So you’re a little short on cash and have the opportunity to barter your services in return for some services you really need. Maybe you provide a couple hours of coaching in return for the computer guy to fix and upgrade your laptop. Or maybe you provide a couple hours of social media work in exchange for some graphic design work. No matter the specific situation, this swapping of services with another business is called bartering. And even though no money is changing hands, Uncle Sam wants to know about it!
There are some very clear tax requirements for this ancient form of commerce. Both parties must report the fair value of their services as income.
If you’re using QuickBooks, it’s easy to keep track of these bartered transactions. Simply create a new bank account called “Bartering” in your Chart of Accounts. Let’s say I’m trading two hours of QuickBooks training for two hours of computer tech support. I send my computer guy an invoice for two hours and he sends me an invoice for two hours. I record my invoice to him and his bill to me. Then I record his “payment” to me and deposit it in the “Bartering” bank account. I can then turn around and “spend” my “Bartering” balance by paying his bill out of the “Bartering” bank account. Everything is recorded nice and neat for Uncle Sam, my computer guy’s QuickBooks skills are improved from my training, and my laptop is running better — everyone wins!
What happens when your services aren’t what’s needed by your potential bartering partner? Bartering Exchanges have cropped up to help match businesses interested in bartering. For example, Itex is a fast-growing exchange in 44 locations across the U.S. and Canada. They charge a monthly fee of $30 plus 6% commission on barter transactions. You can buy almost any kind of business service, from graphic design to accounting services, from legal services to SEO to business coaching.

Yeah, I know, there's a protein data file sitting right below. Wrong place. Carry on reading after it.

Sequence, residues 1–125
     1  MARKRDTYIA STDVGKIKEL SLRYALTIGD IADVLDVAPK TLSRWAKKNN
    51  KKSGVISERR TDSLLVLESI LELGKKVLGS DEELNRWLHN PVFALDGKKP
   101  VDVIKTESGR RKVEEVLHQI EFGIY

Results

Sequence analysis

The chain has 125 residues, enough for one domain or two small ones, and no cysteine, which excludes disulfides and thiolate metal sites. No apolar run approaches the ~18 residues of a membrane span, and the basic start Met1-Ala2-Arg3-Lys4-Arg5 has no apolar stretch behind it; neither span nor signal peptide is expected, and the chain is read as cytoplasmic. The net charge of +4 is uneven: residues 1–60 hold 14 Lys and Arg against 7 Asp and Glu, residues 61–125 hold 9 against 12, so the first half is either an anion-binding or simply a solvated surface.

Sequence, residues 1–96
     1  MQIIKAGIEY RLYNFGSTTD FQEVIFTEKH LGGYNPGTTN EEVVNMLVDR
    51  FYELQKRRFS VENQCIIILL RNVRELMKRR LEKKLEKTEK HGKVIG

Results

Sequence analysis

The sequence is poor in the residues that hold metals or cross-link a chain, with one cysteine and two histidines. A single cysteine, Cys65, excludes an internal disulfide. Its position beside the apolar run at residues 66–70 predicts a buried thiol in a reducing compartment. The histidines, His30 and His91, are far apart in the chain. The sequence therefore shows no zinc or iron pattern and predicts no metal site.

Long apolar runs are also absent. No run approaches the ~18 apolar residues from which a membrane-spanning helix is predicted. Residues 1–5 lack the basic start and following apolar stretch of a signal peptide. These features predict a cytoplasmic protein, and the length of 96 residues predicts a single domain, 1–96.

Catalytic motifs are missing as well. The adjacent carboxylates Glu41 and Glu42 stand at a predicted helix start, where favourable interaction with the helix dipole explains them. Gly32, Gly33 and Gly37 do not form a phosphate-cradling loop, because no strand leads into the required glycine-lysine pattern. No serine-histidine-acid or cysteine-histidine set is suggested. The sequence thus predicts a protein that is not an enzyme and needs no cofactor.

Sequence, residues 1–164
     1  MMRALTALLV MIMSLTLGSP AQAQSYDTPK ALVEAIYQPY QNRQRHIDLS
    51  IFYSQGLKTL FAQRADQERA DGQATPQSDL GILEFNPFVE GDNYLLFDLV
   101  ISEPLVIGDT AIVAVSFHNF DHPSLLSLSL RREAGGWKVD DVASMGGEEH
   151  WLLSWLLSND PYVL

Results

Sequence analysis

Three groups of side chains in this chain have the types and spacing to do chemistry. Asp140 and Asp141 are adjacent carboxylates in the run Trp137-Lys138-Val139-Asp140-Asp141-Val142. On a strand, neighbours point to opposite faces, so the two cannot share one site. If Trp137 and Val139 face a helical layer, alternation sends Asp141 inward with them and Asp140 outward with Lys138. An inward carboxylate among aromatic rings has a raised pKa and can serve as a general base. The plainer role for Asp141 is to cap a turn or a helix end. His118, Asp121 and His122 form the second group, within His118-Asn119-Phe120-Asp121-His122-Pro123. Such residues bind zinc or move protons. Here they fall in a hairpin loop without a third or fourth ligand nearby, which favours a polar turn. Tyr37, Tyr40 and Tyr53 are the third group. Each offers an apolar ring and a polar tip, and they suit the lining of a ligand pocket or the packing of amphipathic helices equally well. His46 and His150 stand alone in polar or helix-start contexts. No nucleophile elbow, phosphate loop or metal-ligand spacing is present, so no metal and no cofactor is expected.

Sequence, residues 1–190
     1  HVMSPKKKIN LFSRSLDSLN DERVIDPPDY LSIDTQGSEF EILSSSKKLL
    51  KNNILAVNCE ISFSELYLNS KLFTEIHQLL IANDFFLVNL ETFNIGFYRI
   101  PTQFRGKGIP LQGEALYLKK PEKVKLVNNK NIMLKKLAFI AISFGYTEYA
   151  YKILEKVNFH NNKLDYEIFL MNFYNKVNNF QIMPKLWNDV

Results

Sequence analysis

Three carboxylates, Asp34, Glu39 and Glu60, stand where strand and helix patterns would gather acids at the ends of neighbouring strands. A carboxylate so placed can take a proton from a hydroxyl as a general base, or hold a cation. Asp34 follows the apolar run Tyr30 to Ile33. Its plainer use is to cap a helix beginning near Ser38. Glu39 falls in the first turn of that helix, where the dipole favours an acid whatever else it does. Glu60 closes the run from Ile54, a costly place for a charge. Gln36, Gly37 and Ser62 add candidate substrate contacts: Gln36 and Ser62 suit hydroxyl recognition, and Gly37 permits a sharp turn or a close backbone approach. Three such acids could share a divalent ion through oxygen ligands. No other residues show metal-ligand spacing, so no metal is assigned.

Sounds easy, right? Just don’t forget to take some simple steps to protect yourself:
- Continue to draw up a contract just as you would with a regular cash-paying client. A simple contract will establish terms so that both parties know exactly what’s expected.
- Don’t try to keep it under the table. Admittedly, it’s hard for the IRS to discover barter transactions. But you’re not going to be able to deduct the expense of what you “bought” if you don’t claim the value of the services you “sold!”
For more information from the IRS on bartering, you can visit their Bartering Tax Center.
Deb Howard Greenleaf, EA, CEO and Principal, of Greenleaf Accounting Services provides virtual accounting and bookkeeping services and specializes in financial management to consultants, coaches, solo professionals, and other small business owners across the US. Deb is an Enrolled Agent (EA)—an IRS-licensed tax professional—and specializes in small businesses and entrepreneurs filing Schedule C or as an LLC. As an Advanced Certified QuickBooks ProAdvisor, Deb spends her day in QuickBooks Online and specializes in providing QBO support.
Business News says
Unless you do, you could wind up negotiating barter deals that waste company assets. Business News
I totally agree! Barter is a good way for new businesses to get up and running quickly, especially in this economy. Let’s say you are launching a public relations business and you know the ins and outs of getting a company or an individual noticed. You can trade your skills in exchange for legal work, setting up your accounting system, getting office furniture and a host of other necessities that normally would cost a lot of money. I’m bartering with http://barterquest.com. They offer services, goods and real estate.